It is a good film that could have been better.
Hey, how’s it going, J1sters! DevilDriver1313 here to invite “On the NXT LVL” to talk about the new Mortal Kombat film which serves to reboot the film franchise. As a long-time fan, I was excited for the new film and wanted to see how New Line and Warner Bros. were going to reestablish these characters. As the past has shown us, there are hits and misses when it comes to video game movies. The question is where does the new Mortal Kombat film fall – the good or the bad?
Mortal Kombat gives fans what they expect from a movie adaption of their beloved game while integrating new elements along familiar ones from past live iterations. As any MK player knows, the meat and potatoes of the film are the fights. The film delivers some impressively choreographed battles between the characters. Seeing Hanzo Hasashi aka Scorpion create and use what will become his signature weapon to dispatch the Lin Kuei assassins with deadly skill was sheer joy. Another highlight is the inevitable battle between rivals Sub-Zero and Scorpion will each displaying their unique powers and amazing fighting skills. And there are some confrontations that are just humorous to watch, such as Liu Kang spamming the sweep kick move against Kano, drawing the merc for hire to question whether that was “the only move he knew.” This little element was purely for fans who have dealt with this playing the games. Speaking of fan service, Mortal Kombat does a nice job planting Easter Eggs that reference other characters for sharp eyed fans to find while other references were placed right out in the open such as the iconic Pit Stage.
The costume designs for certain characters were amazing although liberties were taken in their design. Scorpion and Sub-Zero represented their video game counterparts very well, although I would have preferred that Sub-Zero’s outfit had more blue colorations in it. Compared to Scorpion (who yellow highlights were clearly visible), Subby’s outfit felt flat to me. As for Scorpion, he finally has his signature kunai and chain, not some weird little creature that emerged from his hand like in the original 1995 film. Where Kabal was easily recognizable with his attire, the familiar purple hue was missing from Mileena. I get that some colors do not transfer well on camera, but something could have been done to put the color in her outfit somehow. If it wasn’t for her carrying her sais, Mileena would have gone unrecognized. While Josh Lawson was enjoyable as Kano, at least Trevor Goddard’s portrayal of the character in the 1995 film had his iconic metal face plate. Shang Tsung’s outfit was beautifully detailed, however, he reminded me of Fire Lord Ozai from Avatar: The Last Airbender. Don’t get me wrong. I liked the designs and credit the artists’ for creating them. I just wish that further steps were taken to make them more iconic.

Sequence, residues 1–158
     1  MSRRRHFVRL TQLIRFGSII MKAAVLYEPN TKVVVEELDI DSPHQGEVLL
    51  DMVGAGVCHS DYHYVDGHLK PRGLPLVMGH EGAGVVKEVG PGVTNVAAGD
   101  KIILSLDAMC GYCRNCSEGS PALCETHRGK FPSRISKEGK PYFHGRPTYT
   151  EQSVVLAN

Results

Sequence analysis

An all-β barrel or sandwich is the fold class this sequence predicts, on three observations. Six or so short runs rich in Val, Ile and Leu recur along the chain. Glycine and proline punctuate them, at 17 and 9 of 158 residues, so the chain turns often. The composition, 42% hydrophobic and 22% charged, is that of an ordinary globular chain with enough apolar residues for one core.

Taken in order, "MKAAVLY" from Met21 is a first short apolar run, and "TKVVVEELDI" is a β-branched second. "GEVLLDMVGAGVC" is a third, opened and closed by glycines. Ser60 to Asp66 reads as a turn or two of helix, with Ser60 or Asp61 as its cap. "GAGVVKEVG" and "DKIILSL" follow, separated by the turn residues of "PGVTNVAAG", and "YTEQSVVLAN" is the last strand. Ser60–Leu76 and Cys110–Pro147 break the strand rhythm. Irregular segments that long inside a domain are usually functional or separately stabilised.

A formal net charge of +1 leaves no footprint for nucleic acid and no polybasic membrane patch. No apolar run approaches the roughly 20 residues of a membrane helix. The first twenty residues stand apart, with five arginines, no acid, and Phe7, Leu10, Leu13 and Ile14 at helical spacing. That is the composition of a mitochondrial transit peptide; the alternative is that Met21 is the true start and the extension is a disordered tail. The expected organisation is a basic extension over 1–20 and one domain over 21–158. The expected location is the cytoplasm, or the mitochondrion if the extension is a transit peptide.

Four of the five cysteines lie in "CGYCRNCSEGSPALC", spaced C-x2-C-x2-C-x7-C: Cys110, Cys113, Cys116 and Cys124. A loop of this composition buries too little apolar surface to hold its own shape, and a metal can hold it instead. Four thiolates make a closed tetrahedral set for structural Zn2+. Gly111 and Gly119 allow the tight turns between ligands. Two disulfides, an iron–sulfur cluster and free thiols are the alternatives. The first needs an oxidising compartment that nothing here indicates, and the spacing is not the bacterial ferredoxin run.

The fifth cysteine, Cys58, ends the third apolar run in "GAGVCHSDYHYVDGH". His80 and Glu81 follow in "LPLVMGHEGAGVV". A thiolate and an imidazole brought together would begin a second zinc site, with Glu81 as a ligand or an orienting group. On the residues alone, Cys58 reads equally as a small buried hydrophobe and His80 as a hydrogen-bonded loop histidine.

Now let’s get the elephant out of the room and talk about film original character Cole Young, who has received a tongue lashing from fans. Cole is the new guy on the scene and his placement in the established mythos is questionable yet understandable. His role is similar to others like him. He has an ancestral history that he is unaware of, latent powers that he struggles to awaken and there are high expectations of him given his lineage. Over the years, Mortal Kombat’s storyline has changed a couple times with some characters’ getting expansion upon their stories while other were retold. 2011’s Mortal Kombat game rebooted the series mythos with an alternate timeline that prevents the events of Mortal Kombat: Armageddon, as well as establish a new mythos. The film can be seen as another alteration to the story. In the new Mortal Kombat mythos, Liu Kang is not the winner of the tenth tournament and his story (along with several other characters) changes. This sets up for a new protagonist to assume the role. The same could be said about the new Mortal Kombat film, which is set prior to “a Mortal Kombat tournament”, meaning one specific to the film franchise and not necessarily tied in with the games. This is likely Cole Young’s role and I hope his character gets more development through future films.
In short, Mortal Kombat is a good film that touches on the right notes, but also falls flat just as equally. For me as a fan, it had much to offer for those of us who looking for a proper adaption, unfortunately, the underwhelming plot and lacking familiarity in specific characters leaves more to be desired from the film.
3.5 out of 5